Anatomy of a Murder by Robert Traver
St. Martins, 1958
I borrowed my copy from the library.
I am endlessly fascinated by the raw drama of a murder trial, of the defendant fighting so inarticulately for his freedom–his is the drama of understatement–, of the opposing counsel–those masters of overstatement, flamboyantly fighting for victory, for reputation, for more clients, for political advancement, for God knows what–, of the weathervane jury swaying this way and that, of the judge himself trying his damndest to guess right and at the same time preserve a measure of decorum…Yes, a murder trial is a fascinating pageant. p. 245
Anatomy of a Murder is simply the best and most involved legal procedural I have read. After a bit of an unappealing start, the book became very interesting to me and I read the hefty tome in about two days, something which doesn’t happen often for me. First a word about the unappealing start: Traver is a man obsessed with fly fishing, and the first section of the book before lawyer Polly Biegler takes the case of Lieutenant Manion, accused of murdering his wife’s rapist at a bar in the remote Upper Peninsula town of Thunder Bay, is heavy on backstory and pontificating about the law and fly fishing for trout. It has to be trout, not bass, God forbid! The characterizations and backstories at the beginning are a bit cliched and heavy-handed, but character is not the key to this novel. This is a legal procedural par excellence, and the characterizations are what a lawyer in the middle of a huge case would uncover or hypothesize about.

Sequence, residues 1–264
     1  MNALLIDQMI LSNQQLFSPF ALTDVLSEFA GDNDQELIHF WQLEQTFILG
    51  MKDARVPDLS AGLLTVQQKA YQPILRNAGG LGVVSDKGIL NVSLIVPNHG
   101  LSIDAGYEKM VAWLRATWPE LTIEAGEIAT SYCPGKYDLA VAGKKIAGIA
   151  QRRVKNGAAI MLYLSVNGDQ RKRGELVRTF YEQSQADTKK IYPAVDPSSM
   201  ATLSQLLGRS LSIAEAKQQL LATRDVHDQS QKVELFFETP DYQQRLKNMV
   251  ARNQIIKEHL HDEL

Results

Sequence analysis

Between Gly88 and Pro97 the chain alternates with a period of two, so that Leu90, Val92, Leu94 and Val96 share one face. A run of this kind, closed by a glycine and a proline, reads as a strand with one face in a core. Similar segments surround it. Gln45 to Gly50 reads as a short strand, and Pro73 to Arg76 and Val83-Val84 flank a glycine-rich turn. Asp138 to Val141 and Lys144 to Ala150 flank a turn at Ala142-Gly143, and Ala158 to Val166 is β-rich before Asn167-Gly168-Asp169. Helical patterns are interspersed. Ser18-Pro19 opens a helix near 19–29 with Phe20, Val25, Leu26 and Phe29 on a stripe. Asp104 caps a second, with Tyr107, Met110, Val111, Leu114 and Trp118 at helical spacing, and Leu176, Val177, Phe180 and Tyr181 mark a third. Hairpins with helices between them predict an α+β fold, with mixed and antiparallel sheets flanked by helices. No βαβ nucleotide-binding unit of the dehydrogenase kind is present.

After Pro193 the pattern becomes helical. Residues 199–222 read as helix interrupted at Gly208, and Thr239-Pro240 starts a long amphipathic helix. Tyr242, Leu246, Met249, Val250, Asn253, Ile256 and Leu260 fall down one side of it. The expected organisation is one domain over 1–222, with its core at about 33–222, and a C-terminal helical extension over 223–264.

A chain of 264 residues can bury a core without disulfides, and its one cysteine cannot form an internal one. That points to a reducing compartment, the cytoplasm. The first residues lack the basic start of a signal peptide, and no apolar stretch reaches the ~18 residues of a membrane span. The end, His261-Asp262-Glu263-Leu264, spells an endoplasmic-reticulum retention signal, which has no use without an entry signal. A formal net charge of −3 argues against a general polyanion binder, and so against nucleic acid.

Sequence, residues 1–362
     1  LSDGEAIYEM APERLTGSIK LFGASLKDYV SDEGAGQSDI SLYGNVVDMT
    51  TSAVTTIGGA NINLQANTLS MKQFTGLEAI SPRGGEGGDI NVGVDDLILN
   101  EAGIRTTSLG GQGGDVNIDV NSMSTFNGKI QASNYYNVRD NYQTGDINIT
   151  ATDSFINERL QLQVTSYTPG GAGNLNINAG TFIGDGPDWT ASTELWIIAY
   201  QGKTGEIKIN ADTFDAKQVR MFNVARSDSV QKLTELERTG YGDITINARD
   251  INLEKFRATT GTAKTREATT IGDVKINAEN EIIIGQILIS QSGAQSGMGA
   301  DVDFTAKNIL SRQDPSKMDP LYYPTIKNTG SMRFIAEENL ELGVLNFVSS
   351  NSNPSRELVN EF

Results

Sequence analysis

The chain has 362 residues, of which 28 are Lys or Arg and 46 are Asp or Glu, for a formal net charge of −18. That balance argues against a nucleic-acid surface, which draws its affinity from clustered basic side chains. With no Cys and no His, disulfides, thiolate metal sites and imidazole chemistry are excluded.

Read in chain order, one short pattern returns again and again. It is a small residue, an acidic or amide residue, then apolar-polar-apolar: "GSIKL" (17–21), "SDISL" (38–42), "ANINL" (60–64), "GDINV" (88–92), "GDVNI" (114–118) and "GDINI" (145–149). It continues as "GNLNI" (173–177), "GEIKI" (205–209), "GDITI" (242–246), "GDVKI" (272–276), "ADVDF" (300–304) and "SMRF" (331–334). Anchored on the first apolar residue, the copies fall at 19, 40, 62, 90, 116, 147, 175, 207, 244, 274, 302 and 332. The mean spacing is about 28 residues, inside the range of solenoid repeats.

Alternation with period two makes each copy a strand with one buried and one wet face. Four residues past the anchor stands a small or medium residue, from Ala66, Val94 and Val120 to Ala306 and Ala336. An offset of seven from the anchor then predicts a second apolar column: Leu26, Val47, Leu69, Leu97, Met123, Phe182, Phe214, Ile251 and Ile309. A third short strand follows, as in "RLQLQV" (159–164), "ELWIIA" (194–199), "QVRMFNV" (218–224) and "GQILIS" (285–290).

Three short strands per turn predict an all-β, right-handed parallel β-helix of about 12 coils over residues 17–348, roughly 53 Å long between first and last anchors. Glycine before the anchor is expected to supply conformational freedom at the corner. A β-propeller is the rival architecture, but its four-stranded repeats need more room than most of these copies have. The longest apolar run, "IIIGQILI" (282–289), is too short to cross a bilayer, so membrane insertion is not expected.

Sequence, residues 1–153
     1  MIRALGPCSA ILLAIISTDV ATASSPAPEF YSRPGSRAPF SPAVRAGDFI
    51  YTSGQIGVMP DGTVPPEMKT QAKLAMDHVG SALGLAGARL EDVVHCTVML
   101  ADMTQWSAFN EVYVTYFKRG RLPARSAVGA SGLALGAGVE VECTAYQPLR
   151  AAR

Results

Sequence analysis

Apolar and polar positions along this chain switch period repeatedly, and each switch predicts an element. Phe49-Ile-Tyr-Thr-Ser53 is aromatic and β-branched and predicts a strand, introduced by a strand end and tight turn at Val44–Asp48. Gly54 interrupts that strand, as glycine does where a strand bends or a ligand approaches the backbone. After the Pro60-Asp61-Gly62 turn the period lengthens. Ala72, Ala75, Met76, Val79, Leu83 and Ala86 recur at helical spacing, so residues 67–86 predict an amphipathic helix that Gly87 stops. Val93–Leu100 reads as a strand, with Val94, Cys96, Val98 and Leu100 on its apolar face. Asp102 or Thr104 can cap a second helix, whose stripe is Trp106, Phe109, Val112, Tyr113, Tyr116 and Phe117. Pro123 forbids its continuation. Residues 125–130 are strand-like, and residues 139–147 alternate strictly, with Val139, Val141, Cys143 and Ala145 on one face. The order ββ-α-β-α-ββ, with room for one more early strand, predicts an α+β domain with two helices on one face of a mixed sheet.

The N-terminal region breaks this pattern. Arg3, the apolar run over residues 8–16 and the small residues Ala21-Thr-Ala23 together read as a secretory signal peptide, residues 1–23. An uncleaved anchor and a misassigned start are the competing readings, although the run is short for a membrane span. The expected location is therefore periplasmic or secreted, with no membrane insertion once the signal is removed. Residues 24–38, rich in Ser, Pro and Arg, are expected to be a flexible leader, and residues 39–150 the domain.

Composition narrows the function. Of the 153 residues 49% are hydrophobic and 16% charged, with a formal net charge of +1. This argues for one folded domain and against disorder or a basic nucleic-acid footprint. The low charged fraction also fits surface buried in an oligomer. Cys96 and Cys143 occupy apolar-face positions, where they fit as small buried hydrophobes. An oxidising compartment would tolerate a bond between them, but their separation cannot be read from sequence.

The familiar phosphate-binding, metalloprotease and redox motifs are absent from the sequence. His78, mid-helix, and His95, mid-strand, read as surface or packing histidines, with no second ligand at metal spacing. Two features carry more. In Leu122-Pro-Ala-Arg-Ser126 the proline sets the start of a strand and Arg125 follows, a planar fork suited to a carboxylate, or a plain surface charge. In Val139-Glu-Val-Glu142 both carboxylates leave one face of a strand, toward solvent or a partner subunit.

I’m not a criminal lawyer, but this was fascinating nonetheless: there is a lot of discussion of strategy during trial, during the investigation, and during trial preparation. And I have to commend a book for including the bases for objections during the courtroom scenes. Yes, Traver dramatized the murder trial for maximum effect: he left out many witnesses whose testimony was cumulative and the chapter breaks make for maximum impact.
Back to the issue of characters: this novel deals with a lot of undiscussed issues that drive the main characters. Polly is a lawyer in quite desperate straits in his career and personal life. Traver doesn’t dwell on just how desperate Polly is, but it affects his representation of Lieutenant Manion. Traver also doesn’t go into the dynamics of Lieutenant and Mrs. Manion’s marriage, which seems like a crucial part of the story as well. I suspect that their relationship is violent, but Traver focuses only on the violent murder of Laura Manion’s alleged rapist. This may be a sign that the book was written in 1958.
As for other signs that make the book a sign of its era, Traver repeatedly mentions the American obsession with the Soviets and the paranoia of the Cold War, and he has a pointed speech against the then-recently-completed Mackinaw Bridge that linked the Upper Peninsula of Michigan to the Lower Peninsula. And lastly, the casual sexism can be a bit much in spots. Thankfully the courtroom scenes and drama make up for that.
I’m very glad I finally read this book, and I’m eager to watch the film version soon.